One of them appeared to be in her seventies and could no longer walk so we gave her manual wheelchair that she was very happy with. The second non that we visited with was a spry 87. Although eremitism had stopped her from walking 2 years ago she had not slowed down in her thinking an had a wonderful sense of humor. After putting her into a power wheelchair we kidded with her about now being able to chase the men.

We had to warn her though about being careful not to get her long nun’s clothing caught under the tires of her wheelchair. She laughed and told us that it was time she got up to date and thought that perhaps she would start wearing shirt and pants like many women do now days. Before we left about 12 of the nuns sang for us. Then before leaving a few of the women in our group sang some songs for them.

Next we went to a small town about a half hour out of Cobon. There is a small rehab center there and while we were there 17 people came in for wheelchairs. The first little girl that I sat was only a year and a half old. She was unable to walk due to a head injury that she received when she was hit by a car nearly a year ago. Her parents say that she is receiving therapy and regaining some movement so we are praying that someday she will be able to walk.

The next patient that Kari and I worked on was a girl of around 12 years old who was in bad condition. She was Hydrocephalic (water on the brain) and had a lot of other complications as well. This was a case much like yesterdays where we had to do a lot of building and improvising but after several hours she was sitting in the first wheelchair that she had ever owned.

After the center fed us lunch we headed back to Cobon. Some of the members of our group are headed to town where there is some type of a celebration going on. The oldest member of the group is going to stay behind to rest because I am tired. Tomorrow we have our last but largest distribution before heading back to Chemaltenango. We have had a great time and is wonderful to be able to help so many people but I am missing the kids at the orphanage and those at home. At least it looks like the group that is with us from the USA will be able to come along and spend some time with the kids from Hermano Pedro on Wednesday.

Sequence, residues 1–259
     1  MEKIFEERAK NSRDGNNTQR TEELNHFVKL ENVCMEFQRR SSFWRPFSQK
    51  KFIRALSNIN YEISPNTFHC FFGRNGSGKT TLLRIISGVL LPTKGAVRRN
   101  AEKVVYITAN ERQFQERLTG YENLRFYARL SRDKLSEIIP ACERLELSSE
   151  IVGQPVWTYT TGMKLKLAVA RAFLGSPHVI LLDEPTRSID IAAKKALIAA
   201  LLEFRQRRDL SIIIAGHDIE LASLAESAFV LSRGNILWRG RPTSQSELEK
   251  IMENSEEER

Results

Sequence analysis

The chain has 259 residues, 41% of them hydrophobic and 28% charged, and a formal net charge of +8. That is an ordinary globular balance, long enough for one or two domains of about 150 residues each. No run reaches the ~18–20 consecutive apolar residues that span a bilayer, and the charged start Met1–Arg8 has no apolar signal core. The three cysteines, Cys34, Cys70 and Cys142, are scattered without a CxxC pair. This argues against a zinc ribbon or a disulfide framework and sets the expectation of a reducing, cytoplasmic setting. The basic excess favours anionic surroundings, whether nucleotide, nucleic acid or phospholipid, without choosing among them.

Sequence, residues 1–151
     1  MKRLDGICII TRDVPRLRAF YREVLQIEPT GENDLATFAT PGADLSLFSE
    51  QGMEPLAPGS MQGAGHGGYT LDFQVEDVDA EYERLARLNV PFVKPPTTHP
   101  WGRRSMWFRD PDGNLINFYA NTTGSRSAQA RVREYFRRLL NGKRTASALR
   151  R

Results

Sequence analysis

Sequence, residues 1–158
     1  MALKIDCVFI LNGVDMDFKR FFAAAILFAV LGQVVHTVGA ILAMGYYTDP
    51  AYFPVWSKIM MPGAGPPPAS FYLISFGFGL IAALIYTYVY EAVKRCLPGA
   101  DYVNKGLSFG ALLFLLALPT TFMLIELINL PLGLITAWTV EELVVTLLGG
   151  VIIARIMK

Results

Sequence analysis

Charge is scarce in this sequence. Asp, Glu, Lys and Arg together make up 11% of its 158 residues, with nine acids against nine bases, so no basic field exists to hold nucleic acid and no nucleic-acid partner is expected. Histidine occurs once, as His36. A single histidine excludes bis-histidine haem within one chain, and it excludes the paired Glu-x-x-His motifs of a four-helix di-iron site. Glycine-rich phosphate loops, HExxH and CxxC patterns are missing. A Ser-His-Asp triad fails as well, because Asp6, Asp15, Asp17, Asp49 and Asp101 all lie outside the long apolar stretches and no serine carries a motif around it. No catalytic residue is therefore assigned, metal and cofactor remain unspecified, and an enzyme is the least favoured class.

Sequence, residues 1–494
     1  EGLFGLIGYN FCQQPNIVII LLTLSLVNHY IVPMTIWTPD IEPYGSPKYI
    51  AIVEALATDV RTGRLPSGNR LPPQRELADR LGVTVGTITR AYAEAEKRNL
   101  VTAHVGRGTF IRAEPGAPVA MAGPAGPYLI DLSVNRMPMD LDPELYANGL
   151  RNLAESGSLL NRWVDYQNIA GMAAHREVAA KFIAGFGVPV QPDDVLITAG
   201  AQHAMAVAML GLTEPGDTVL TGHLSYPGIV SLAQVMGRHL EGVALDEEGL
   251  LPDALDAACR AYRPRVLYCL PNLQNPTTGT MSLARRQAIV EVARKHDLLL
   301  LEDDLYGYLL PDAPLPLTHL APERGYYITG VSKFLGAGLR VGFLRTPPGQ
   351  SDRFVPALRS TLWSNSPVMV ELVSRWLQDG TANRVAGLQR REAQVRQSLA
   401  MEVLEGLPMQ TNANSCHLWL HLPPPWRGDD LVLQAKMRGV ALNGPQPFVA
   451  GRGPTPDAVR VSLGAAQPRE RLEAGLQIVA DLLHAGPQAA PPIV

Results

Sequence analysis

Monday, August 6, 2007

It was another full day today. Today we gave out 54 wheelchairs at a distribution in Cobon.

About 17 of these chairs were specialty chairs that take a lot of work to seat properly. Fortunately we had a great crew of therapists and seating people so everything went smoothly. When we finished up at around 2 PM we were all tired though. The thought of having to make a 7 hour drive home did not sound too inviting but we had to get back since we had already made plans for tomorrow. On the way home the van that Saul was driving narrowly escaped a head on collision with a truck. As Saul rounded a corner he was met by 2 trucks that were side by side coming towards him. Since there was a rock face on Saul’s right and a cliff on the left side of the road Saul had no where to go but could only hit the breaks and pray that the truck that was in his lane would get around the one that it was passing in time to pull in before hitting Saul’s van head on. According to those that were in the van the truck got back into it’s own lane only inches before hitting them head on. We are now all back in Chemaltenango. We are all tired but extremely grateful for a safe trip.